4

TL;DR

What is the difference between the criteria for self-answered questions and blog post?


I have a number of topics I'd like to write about, but I'm having a hard time deciding whether I should post a question and answer it myself, blog about it or just drop it altogether.

These are the specific topics and my thoughts about it:

  1. How to enable stable SSH/SCP connections between two computers if one of them (or even both) can't accept incoming connections.

    Parts of this are already answered on the site, but none of them covers the entire setup, the stability part or the second case.

    I think this makes a specific questions that can be answered decisively with step-by-step instructions.

  2. How does shell expansion work?

    While this sounds like a question, it's a little broad. Anyway, the interesting part are the common pitfalls for new users (especially those who migrated from Windows).

    Once you understand shell expansion perfectly, it's clear why commands like

    tar xf ball.tar *
    

    or

    unzip *.zip
    

    won't work, and that it is not necessary to resort to some combination of find/ls and xargs.

    This would either make a small number of specific questions (e.g., How to unzip all archives in a directory without using pipes?) or a single blog post (e.g., Common pitfalls of shell expansion.).

  3. PCRE: How to "Find and Replace" N times without performing N "Find and Replace"s?

    This seems to be a popular topic, and there are already three questions about it:

    The first question has an accepted answer saying it isn't possible (which is correct for non-PC RE) and offers a solution based on a single sed command (that nevertheless uses N different "Find and Replace"s). It also asks specifically how to replace two text strings with two other text stings at once, which is much more specific.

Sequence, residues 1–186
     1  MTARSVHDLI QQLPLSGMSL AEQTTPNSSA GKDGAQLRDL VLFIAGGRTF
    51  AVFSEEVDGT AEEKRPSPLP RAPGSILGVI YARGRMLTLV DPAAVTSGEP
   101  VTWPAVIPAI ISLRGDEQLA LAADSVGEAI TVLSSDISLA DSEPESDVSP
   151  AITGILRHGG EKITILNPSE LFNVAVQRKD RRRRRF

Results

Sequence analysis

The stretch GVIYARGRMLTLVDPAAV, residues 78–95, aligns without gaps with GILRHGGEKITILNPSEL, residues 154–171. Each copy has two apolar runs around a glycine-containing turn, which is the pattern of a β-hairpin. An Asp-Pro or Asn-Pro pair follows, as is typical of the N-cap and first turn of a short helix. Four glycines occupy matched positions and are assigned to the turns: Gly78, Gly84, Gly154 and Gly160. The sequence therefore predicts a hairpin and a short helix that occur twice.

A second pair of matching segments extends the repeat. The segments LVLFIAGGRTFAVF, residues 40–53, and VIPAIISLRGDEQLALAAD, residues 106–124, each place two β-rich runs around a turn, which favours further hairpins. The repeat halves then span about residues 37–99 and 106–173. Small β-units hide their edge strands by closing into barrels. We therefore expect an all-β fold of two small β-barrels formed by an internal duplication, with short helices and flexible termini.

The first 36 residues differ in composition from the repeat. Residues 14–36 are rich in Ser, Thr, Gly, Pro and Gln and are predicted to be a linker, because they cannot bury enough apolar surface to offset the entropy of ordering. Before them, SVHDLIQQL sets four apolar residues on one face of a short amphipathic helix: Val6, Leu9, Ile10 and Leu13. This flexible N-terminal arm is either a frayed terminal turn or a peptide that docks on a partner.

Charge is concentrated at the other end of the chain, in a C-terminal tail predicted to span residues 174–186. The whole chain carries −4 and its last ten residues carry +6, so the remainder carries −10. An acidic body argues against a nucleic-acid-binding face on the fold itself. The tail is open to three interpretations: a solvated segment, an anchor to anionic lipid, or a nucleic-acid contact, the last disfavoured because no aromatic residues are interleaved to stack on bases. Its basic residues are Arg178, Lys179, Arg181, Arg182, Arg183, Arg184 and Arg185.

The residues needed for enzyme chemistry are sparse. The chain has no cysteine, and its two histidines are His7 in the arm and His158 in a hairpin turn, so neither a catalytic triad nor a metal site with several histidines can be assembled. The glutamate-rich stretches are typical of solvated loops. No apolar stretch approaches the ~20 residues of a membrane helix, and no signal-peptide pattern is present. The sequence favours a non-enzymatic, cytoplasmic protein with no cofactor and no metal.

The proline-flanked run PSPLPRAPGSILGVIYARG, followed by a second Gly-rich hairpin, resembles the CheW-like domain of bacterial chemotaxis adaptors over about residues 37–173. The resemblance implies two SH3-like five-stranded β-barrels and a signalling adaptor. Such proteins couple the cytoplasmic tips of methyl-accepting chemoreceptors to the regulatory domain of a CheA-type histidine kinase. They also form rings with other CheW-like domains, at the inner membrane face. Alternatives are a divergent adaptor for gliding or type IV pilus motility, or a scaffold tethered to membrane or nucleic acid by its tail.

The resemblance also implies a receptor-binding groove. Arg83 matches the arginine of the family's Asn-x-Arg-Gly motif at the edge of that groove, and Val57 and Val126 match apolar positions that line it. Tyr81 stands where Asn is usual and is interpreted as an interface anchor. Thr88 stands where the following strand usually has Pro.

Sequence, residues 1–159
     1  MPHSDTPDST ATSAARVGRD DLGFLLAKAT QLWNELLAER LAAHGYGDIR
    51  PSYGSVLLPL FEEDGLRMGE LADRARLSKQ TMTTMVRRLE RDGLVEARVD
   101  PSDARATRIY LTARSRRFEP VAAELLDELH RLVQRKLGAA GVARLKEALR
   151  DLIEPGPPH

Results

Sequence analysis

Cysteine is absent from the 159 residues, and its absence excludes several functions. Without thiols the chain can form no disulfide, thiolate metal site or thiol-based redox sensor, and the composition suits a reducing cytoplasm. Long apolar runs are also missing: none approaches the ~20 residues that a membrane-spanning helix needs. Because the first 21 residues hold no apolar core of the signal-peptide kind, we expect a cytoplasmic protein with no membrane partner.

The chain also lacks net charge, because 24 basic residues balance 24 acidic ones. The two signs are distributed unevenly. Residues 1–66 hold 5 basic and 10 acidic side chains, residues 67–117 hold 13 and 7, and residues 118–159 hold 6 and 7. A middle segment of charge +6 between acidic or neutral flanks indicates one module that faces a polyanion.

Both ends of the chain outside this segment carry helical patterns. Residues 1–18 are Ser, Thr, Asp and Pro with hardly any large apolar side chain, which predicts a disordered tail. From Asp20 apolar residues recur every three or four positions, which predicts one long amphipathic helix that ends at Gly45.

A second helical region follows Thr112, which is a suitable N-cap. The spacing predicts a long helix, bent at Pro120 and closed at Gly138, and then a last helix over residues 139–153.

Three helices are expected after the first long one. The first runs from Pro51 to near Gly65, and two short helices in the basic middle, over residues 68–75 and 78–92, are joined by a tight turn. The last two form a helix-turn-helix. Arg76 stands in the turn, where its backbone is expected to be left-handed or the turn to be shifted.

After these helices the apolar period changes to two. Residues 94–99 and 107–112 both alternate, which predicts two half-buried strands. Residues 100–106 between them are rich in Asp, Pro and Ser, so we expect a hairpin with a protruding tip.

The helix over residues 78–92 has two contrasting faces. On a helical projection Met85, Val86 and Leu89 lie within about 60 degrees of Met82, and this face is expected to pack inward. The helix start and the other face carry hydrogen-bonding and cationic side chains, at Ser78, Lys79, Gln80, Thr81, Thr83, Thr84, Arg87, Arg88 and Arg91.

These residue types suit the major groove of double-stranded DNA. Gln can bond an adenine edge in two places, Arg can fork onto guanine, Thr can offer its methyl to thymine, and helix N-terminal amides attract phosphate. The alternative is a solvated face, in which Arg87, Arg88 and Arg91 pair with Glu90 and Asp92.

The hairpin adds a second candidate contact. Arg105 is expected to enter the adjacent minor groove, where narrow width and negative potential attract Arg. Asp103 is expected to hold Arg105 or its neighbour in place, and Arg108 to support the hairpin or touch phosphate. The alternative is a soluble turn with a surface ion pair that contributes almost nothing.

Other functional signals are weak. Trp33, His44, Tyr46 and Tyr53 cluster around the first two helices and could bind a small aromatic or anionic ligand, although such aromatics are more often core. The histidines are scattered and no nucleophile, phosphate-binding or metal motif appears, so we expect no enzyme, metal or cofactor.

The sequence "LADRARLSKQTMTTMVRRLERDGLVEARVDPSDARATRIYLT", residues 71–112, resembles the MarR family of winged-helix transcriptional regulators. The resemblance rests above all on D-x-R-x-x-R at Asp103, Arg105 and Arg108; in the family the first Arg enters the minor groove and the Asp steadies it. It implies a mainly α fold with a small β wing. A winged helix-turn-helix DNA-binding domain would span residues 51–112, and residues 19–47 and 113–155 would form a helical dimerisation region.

The second question is a little more general (although it was closed as a duplicate of the first one), since it asks about the new Notepad++ (PCRE), and it doesn't require to perform only a single "Find and Replace".

    The third question is more specific than the second one, since it only asks about replacing single characters.

    I have answered the third question, and I though of a way to adapt my solution so N RegEx patterns can be replaced by N different RegEx patterns, performing only two "Find and Replace"s.

    I think this could be quite useful in some situations (lowercasing words in all caps, uppercasing i's, remvoving whitespace before punctuation, etc.), but a new question would be a border-line duplicate. However, I don't know if it's really fitting for a blog post.

6

TL;DR:

  • If you can come up with a question that'd normally "survive" on the main site, you can post it as a question and formulate your own answer.

  • If it's too broad, it might be better blogging material. For example, if you have something that involves a lot of background info, explanations, a step by step guide, images, etc., then do post it to our blog if you feel like it — even if only to get attention for our blog and revive it a little (see here, here).


Quesiton 2 from your examples seems like good blogging material to me. The first one however seems a little specialized, and the third one more like a question stemming from a real problem you're facing, typical for other Super User questions.